Date of Award
Dr. Amy Sonheim
Dr. Kevin C. Motl
Dr. Barbara Pemberton
Christian women have been marginalized, suppressed, and forgotten by Christian men for centuries. In many cases, these actions are polite when compared to the horrors which self-proclaimed Christ-followers have afflicted on women. Countless sexual abuse cases have been discovered within the walls of the Southern Baptist Church, and the headlines have not stopped printing. Articles from major news outlets such as the Houston Chronicle and San Antonio Express-News have revealed that Southern Baptist pastors, youth leaders, and deacons have assaulted hundreds of women over the past twenty years—and those numbers only include the women who are confident enough to bring light to their trauma (National Catholic Reporter). Not only is sexual harassment occurring to women within local churches, but it has been found among church leaders on the national scale. Church patriarchs such as Paige Patterson, a former president of Southwestern Baptist Seminary; Bill Hybels, a former pastor of one of the biggest congregations in America; and Andy Savage, another former megachurch pastor; have three things in common: their extensive knowledge of the Bible, their national respect as a follower of Christ, and the fact that all three of these men have faced sexual assault allegations from women who trusted them as spiritual advisers (See Roach, Goodstein, and Mass).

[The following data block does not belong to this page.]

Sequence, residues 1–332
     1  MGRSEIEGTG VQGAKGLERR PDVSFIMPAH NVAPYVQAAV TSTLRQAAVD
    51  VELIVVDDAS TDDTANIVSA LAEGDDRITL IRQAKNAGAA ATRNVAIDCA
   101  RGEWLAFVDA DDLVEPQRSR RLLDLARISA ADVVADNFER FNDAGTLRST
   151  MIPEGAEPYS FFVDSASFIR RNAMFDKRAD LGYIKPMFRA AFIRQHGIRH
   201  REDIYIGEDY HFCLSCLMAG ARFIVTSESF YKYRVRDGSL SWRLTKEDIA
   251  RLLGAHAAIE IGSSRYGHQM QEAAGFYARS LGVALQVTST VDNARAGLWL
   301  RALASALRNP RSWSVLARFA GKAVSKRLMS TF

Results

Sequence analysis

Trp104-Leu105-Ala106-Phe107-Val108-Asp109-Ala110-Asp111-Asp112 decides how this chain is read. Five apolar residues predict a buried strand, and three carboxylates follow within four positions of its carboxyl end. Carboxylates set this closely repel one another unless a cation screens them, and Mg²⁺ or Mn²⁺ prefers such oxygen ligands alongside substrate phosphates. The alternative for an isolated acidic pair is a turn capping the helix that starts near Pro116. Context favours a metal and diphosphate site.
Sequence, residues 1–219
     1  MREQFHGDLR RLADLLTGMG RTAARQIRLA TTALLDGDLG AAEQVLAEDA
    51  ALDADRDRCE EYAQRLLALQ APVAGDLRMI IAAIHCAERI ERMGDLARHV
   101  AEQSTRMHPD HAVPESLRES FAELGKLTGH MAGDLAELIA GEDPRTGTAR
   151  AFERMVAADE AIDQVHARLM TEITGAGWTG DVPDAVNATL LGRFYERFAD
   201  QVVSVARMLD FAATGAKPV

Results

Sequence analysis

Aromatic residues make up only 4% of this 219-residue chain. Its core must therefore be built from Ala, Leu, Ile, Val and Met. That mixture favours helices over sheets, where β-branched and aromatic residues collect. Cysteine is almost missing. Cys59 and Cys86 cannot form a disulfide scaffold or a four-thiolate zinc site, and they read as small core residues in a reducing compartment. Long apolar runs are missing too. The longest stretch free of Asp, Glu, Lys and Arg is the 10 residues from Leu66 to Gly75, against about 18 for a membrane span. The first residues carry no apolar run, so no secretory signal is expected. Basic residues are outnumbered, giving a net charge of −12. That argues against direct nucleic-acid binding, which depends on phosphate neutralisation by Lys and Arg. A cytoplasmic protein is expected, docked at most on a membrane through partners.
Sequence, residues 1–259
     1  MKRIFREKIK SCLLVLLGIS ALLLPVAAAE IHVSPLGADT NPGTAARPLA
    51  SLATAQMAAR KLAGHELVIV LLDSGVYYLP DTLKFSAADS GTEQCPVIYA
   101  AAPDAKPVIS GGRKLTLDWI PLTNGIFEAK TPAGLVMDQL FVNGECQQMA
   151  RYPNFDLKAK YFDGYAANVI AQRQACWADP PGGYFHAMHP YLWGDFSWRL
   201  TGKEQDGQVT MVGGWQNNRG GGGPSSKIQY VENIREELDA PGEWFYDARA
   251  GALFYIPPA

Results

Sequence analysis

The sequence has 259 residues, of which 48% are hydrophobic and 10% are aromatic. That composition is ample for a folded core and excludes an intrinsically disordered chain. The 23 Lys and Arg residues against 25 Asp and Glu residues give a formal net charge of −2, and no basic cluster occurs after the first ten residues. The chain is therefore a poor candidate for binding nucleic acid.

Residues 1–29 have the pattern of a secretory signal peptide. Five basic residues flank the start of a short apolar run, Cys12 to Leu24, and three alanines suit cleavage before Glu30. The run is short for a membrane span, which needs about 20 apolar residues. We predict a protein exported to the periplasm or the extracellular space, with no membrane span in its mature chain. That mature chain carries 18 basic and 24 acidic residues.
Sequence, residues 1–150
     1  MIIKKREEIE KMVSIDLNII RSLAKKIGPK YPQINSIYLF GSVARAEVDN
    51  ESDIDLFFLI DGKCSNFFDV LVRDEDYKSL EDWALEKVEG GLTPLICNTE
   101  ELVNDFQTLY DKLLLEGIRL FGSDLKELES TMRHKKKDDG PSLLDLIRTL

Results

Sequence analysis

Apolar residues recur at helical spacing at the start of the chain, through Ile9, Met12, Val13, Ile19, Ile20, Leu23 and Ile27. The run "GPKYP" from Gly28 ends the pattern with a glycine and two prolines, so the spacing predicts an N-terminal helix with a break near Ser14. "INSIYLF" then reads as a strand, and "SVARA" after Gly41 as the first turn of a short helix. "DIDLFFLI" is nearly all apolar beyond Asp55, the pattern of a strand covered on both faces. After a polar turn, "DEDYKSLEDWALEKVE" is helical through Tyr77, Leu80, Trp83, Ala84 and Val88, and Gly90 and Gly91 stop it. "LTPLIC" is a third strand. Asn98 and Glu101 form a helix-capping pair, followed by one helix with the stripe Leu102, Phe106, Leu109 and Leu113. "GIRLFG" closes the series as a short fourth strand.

How is it that these influential Southern Baptist leaders have completely suspended their biblical convictions when it comes to the treatment and respect of women? It seems, based on the Bible’s basic teaching of unconditional love, respect, and appreciation for the Image of God in every human being, as well as their biblical training and national Christian leadership, that these men would support women instead of exploiting them— but this hasn’t been the case for centuries.
Motl, Mattie Mae, "Spiders in a Window: How Dangerous Stories Lead to Dangerous Women" (2020). Honors Theses. 755.